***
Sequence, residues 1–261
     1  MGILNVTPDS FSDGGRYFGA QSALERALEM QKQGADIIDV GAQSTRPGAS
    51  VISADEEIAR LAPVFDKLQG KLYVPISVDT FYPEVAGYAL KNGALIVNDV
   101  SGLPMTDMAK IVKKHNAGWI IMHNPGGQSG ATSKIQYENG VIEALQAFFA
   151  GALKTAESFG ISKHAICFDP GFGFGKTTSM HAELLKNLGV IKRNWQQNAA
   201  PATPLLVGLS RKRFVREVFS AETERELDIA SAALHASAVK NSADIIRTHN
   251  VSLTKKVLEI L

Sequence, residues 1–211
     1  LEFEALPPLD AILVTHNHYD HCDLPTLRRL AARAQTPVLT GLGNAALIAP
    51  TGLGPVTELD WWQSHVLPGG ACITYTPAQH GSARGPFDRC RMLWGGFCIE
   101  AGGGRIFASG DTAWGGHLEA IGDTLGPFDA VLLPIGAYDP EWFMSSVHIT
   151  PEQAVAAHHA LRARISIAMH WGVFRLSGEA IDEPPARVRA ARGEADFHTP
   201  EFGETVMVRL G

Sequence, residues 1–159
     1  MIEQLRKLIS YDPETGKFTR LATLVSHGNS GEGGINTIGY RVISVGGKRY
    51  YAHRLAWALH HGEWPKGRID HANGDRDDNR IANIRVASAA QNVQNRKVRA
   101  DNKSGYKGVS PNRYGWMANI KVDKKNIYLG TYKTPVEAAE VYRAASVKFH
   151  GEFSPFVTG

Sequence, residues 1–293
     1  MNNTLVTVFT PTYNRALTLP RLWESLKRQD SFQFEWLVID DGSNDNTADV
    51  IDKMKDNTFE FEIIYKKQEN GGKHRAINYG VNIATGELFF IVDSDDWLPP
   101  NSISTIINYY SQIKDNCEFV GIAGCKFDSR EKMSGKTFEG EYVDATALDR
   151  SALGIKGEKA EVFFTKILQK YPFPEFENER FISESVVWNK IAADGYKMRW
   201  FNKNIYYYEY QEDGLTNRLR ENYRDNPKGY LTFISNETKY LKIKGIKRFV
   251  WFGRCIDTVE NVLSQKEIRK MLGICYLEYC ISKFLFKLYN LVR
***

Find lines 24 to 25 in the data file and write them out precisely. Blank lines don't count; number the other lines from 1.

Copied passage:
   201  FNKNIYYYEY QEDGLTNRLR ENYRDNPKGY LTFISNETKY LKIKGIKRFV
   251  WFGRCIDTVE NVLSQKEIRK MLGICYLEYC ISKFLFKLYN LVR